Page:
Mayor Benjamin on Columbia’s new ‘bump stock’ ordinance

As you may or may not know by now, yesterday Columbia became one of the first, if not the first, city in the country to ban the use of “bump stocks.”

Yes, city council went ahead with it, blithely risking the wrath of Catherine Templeton, who had threatened… well, it’s a little unclear, but she seems to have threatened to run for mayor, or something. Anyway, her protest was wildly irrelevant and disregarded, but I’m sure her mission was accomplished — somewhere, a Bannonite thought better of her for her tough, though vague, talk. Those folks tend to be about attitude more than results.

Image from website of Slide Fire, which sells bump stocks.

Image from website of Slide Fire, which sells bump stocks.

Back to the real world: In light of council’s action yesterday, Mayor Steve Benjamin was interviewed on NPR this morning. Hear the interview here.

And his interview belongs in a different rhetorical universe from Templeton, Bannon and Roy Moore. Which means to say, his words were measured, helpful, and respectful of all views. In a world in which too many speak to the extremes on both sides of the gun debate, this was refreshing.

Note that I said the city has banned the use of bump stocks (and trigger cranks), not the devices themselves. You can still own and sell them in Columbia. You just can’t attach them to a firearms and/or use them, unless you leave town. Violation of the ordinance would be a misdemeanor.

“It was important for us to make sure that we crafted an ordinance that was both constitutionally and statutorily sound,” said the mayor, who proposed the ordinance earlier this month. He was careful to fully respect what he called the clear intent of the 2nd Amendment, as well as state statutes on the subject.Benjamin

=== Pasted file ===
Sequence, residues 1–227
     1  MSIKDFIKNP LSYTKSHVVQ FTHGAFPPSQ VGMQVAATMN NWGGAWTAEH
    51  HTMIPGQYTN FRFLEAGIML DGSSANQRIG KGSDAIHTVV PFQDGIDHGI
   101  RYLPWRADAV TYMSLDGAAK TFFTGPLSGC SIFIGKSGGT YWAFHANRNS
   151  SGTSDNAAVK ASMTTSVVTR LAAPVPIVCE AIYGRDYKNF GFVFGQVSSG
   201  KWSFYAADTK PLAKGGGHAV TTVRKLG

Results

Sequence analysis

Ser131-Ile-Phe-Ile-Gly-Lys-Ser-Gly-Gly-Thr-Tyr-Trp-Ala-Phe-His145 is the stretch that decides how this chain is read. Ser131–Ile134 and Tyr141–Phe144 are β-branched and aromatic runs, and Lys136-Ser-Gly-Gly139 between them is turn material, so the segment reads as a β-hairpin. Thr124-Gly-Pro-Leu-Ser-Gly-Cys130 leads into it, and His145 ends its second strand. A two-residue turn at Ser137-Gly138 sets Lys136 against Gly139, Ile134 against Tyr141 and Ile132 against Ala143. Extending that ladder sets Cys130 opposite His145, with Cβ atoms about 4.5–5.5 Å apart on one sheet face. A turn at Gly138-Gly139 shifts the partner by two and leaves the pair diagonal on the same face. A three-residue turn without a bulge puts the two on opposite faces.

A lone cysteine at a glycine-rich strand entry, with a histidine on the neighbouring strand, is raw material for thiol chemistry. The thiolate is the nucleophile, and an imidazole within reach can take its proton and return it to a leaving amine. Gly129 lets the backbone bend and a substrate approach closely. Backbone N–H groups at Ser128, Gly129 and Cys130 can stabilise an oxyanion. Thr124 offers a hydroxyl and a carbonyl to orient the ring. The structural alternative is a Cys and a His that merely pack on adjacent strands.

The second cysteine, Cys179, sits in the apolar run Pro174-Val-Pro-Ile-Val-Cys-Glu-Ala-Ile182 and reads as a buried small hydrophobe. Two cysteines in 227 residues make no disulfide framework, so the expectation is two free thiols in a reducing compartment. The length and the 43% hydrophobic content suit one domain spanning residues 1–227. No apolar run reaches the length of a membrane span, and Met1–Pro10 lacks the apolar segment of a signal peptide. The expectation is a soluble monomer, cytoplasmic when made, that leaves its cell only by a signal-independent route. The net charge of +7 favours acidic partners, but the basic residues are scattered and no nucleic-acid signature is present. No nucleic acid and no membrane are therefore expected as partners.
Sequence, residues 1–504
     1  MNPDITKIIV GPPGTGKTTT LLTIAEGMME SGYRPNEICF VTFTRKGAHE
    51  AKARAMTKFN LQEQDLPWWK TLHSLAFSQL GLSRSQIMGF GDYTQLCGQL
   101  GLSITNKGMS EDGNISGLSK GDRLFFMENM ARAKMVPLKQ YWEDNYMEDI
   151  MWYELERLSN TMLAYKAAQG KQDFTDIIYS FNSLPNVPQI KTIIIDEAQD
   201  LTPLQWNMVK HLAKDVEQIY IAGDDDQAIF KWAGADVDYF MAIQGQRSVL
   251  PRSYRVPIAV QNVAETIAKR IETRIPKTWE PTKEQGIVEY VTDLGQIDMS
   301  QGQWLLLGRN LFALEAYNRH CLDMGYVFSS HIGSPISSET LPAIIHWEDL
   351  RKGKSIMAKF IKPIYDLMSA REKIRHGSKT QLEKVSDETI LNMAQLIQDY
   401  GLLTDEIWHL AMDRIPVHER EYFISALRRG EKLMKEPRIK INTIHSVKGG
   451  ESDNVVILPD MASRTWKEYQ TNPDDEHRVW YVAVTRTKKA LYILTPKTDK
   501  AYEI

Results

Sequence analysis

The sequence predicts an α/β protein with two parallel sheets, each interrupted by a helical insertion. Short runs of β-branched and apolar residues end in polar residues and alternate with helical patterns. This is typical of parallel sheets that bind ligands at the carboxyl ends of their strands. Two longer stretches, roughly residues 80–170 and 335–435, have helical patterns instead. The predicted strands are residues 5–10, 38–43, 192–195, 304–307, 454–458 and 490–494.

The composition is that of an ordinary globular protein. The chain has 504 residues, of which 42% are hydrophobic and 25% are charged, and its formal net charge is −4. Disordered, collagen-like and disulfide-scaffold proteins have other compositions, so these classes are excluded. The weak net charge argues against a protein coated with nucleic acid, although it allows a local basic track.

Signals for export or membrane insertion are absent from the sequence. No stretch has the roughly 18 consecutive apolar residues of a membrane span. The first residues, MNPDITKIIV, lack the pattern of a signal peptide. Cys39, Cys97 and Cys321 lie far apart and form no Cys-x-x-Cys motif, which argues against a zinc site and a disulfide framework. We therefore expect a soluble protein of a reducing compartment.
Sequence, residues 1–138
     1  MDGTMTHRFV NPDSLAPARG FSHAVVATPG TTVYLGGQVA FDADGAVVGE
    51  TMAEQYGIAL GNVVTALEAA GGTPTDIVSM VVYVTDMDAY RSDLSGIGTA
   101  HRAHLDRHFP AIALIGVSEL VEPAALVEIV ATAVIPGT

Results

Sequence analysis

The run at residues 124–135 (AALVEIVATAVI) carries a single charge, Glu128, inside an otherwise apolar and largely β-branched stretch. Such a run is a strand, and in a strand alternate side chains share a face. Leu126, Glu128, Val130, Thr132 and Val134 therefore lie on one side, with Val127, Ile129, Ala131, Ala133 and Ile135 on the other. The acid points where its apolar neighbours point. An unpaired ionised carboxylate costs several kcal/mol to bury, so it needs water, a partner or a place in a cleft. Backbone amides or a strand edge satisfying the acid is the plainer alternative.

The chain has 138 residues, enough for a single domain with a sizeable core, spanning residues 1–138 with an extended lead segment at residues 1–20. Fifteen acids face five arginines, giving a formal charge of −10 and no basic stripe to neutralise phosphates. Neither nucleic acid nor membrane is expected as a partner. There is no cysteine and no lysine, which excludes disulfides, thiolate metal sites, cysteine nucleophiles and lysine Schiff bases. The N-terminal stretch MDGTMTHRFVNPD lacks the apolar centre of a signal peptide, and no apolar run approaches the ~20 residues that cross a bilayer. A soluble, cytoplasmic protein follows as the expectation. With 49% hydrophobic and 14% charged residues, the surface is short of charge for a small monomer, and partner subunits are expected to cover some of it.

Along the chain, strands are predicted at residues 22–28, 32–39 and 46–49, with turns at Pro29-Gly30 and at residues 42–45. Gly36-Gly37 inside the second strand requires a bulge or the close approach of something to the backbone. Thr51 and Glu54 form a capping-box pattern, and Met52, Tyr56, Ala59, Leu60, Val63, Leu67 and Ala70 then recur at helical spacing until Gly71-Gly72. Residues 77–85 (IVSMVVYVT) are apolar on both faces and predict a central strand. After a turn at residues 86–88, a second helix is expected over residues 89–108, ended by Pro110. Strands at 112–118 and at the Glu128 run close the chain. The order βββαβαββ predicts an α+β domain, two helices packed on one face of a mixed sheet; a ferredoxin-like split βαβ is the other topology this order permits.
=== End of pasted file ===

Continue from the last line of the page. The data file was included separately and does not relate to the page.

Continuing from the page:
“We are preempted from regulating firearms or ammunition or even component parts,” he said. “This is not a component part; it is a $30 attachment that someone can add to a gun that changes the nature of it.”

He said the council “feel pretty good” that the new rule in on firm legal ground and he feels “fully prepared to defend it.”

He said the response he has received to the action has been overwhelming positive.

“On our city council there are a whole lots of good guys who have guns,” he said, and they felt this was no time for more of the usual polarization. His thought was that “people who are strong supporters of the 2nd Amendment, but also strong supporters of downright good common sense, should step up and do something.

“And we thought that Columbia, South Carolina, might be a great place to start.”

18 thoughts on “Mayor Benjamin on Columbia’s new ‘bump stock’ ordinance

  1. Bryan Caskey

    Fluff and Symbolism. (Incidentally, this would be a good band name.)

    “You can still own and sell them in Columbia. You just can’t attach them to a firearms and/or use them, unless you leave town.”

    I’m not aware of any shooting range within the city limits so this has no practical effect. Might as well prohibit use of light sabers in city limits.

    1. Brad Warthen Post author

      I don’t think I’d buy tickets to see a band named “Fluff and Symbolism,” even if they opened for Elvis Costello at Mid-South Coliseum in Memphis in 1979. Even though I’d like to be 26 again…

    2. Brad Warthen Post author

      It’s easy to have contempt for this action, but it’s hardly fair when you realize how little a municipality can do. After all, what possible practical effect can it have? If someone uses a bump stock in a mass murder in Columbia, what will happen as a result of this ordinance? He’ll get a ticket?